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The She Stands Tall Project presents The Vagina Monologues in Bangalore this month. Here, some women share their stories of preparing for this project.
The Vagina Monologues continues to inspire a roller coaster of emotions, decades after it was first staged. This time around, The She Stands Tall Project (www.shestandstall.com) brings the award-winning play by Eve Ensler to two venues- Lahe Lahe (Feb 17, 2018) and Shoonya (Feb 18, 2018) in Bangalore.
When you face a fear or attempt something new, everyone tells you to start small. Auditioning for The Vagina Monologues as a non-actor and speaking about sexual assault and your vagina is not what immediately comes to mind.
It all started with a call for women who wanted to be a part of a benefit production of The Vagina Monologues. I replied to Rekha Kurup, who was going to be directing it, even without allowing my mind to process what that would mean. During the audition process, I read a monologue that hit a little close to home and wondered whether I would be able to stand in front of an audience and lay claim to those powerful words that echoed my experiences with unwanted touch. Did I want to ride this emotional roller coaster? Was I ready for all those long-buried feelings to emerge? Did I truly want to get this uncomfortable?
Entrepreneurs, mothers, artists, daughters, therapists, dancers, single women, lovers— the women who are part of The Vagina Monologues have courageous hearts and a beauty that shines from within. One of the women who is part of the production, Rashmi Balakrishnan, creative movement practitioner and training facilitator shares her experience. She says, “For me, the monologue about the similarity between the vagina and the heart echoed my own personal experience. In it, Eve says that the heart is capable of sacrifice just like the vagina. She says that both are able to love and forgive and repair and expand. I am a mother of two wonderful daughters, one of whom I gave birth to and one who is a daughter of my heart, my adopted daughter. Isn’t is so synchronistic that I am performing that very piece?”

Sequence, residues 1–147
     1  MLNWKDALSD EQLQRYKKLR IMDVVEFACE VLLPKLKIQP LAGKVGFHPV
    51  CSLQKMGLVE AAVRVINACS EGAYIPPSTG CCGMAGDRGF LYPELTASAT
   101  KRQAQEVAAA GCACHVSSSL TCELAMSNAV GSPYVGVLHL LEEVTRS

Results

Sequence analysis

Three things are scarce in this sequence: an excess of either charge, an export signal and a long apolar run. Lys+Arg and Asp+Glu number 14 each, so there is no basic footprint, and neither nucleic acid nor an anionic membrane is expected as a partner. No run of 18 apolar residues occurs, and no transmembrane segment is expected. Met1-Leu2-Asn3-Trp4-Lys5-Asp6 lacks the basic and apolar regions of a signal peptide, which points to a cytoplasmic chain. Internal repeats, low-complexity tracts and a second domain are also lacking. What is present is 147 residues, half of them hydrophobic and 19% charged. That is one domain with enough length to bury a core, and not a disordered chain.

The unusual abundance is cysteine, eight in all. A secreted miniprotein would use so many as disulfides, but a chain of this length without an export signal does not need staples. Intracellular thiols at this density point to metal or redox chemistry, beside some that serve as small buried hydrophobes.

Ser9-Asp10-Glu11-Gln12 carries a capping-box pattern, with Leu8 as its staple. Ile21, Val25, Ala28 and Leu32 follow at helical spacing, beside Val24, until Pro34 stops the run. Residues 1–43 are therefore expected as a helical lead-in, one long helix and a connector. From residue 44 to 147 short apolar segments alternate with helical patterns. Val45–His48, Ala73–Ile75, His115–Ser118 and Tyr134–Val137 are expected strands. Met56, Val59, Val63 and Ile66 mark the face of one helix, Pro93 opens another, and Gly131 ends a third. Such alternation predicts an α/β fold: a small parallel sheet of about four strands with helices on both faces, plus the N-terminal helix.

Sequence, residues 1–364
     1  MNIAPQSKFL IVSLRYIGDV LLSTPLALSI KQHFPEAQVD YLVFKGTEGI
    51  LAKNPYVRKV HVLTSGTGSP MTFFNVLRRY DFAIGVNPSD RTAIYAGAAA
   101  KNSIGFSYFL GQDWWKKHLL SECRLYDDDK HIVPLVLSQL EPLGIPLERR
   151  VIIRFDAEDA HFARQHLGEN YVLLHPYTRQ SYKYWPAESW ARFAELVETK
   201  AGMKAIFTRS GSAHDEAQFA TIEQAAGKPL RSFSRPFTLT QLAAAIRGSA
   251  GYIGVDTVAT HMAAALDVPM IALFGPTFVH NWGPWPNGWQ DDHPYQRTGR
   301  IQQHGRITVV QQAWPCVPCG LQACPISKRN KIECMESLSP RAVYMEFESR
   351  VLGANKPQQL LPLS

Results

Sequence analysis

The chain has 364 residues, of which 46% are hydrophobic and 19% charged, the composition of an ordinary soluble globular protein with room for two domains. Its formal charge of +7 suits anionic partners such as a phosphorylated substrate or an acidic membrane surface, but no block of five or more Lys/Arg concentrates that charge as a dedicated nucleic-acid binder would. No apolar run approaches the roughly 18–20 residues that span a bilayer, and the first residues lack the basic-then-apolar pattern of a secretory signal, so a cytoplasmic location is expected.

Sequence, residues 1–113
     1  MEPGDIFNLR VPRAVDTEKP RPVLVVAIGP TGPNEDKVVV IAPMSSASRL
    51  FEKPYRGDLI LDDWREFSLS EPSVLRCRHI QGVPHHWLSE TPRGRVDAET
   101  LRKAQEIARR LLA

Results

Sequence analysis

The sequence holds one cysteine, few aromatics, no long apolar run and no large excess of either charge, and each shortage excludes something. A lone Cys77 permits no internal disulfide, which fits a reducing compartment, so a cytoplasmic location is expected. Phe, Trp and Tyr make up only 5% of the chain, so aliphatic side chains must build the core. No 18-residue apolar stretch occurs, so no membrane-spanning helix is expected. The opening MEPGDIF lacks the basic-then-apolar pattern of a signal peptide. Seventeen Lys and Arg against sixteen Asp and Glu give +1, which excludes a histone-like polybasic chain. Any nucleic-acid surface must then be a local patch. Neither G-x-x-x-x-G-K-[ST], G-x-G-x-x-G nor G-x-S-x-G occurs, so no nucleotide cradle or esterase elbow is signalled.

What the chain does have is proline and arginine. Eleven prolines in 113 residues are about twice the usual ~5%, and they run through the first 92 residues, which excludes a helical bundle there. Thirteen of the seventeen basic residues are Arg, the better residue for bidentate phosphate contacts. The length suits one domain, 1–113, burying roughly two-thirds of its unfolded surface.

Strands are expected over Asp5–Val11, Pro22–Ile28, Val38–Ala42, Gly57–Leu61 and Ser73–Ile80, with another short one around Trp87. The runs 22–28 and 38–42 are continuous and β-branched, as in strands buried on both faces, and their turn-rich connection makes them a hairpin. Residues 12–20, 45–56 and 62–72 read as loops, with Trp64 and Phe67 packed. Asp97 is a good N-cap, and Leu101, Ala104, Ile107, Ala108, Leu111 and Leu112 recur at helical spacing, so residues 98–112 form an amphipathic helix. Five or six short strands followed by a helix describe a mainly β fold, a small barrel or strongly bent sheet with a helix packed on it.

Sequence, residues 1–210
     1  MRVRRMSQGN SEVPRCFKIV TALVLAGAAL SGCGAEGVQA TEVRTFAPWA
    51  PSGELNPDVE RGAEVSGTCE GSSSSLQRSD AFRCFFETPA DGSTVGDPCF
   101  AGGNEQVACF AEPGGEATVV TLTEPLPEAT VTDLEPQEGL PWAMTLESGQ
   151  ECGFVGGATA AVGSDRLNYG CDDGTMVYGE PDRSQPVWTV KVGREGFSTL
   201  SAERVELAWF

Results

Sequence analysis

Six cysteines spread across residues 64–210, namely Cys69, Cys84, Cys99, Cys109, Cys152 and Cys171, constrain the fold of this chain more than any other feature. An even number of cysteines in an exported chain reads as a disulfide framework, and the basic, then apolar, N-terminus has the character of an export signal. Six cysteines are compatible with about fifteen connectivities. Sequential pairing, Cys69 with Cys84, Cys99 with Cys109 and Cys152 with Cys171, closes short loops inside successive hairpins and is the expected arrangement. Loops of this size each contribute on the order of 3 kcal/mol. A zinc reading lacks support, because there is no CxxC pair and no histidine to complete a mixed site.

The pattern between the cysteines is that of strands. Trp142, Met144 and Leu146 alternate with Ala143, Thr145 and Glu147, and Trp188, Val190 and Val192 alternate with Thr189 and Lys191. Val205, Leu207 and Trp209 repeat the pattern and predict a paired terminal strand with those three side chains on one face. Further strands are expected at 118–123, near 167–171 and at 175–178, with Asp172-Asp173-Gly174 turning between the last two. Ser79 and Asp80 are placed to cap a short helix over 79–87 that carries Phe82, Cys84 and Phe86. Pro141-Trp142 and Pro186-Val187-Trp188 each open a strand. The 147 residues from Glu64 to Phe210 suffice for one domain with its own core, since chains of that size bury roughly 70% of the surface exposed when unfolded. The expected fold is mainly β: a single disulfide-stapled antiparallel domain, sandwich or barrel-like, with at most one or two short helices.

The Vagina Monologues is an invitation to those watching and those performing— to reclaim one’s pain, joy, stories, power and femininity.
Everything that is shakti in oneself. I understood it as an opportunity to connect to the universal feminine within each one of us through these stories from women across the world. It is one of those experiences that shows you how similar we are regardless of our race, religion or upbringing.
From a tentative mother who had recently re-entered the workplace and a photographer who had battled cancer to a young woman who initially didn’t get what all the fuss about vaginas was about, the experience of being a part of The Vagina Monologues turned out to be one that would transform each one of us whether we were ready for it or not.
Rehearsals became a space for sharing openly, for being vulnerable and tapping into one’s undiscovered strengths. Food, chai and deep connecting quickly led to a kind of sisterhood that was difficult for me to otherwise imagine.
Madhura Srinivas, photographer says, “Being a part of The Vagina Monologues seemed like a natural course of action for me— as a woman in India, a 31 year old, a cancer survivor and someone who has experienced and survived domestic violence. Though it brought up a lot of trauma, this experience has provided immense support and an opportunity to move through whatever has surfaced. For me, these monologues represent all women. The word ‘vagina’ rolls off my tongue more easily now. This experience has brought tears, laughter, angst, acceptance and most of all, reverence towards my own body.”
Performed by women of varying ages and from all walks of life, all of whom are non-actors, the production marks the second anniversary of the She Stands Tall Project work in Bangalore and the twentieth anniversary of V-Day 2018.
A highly relevant play for the people of India, Rekha Kurup, Director of the play & Founder of The She Stands Tall Project shares what inspired her to stage the play in Bangalore. She says, “According to me, there is life before the Vagina Monologues and life after the Vagina Monologues. In 2011, when I first got the opportunity to participate in The Vagina Monologues, I became a different person from that day on, watching the performance and hearing these stories which I so deeply connected to. It brings me such exhilaration and joy to be able to see the energy, the beauty and the strength of the Indian woman infusing these monologues.”
So, here I stand at what seems to me the edge of a cliff, ready to take a swan-dive and embrace what is surely going to be a life-changing experience.
Images source: the author
Women's Web is an open platform that publishes a diversity of views. Individual posts do not necessarily represent the platform's views and opinions at all times. If you have a complementary or differing point of view, you can request to be a Women's Web contributor too!
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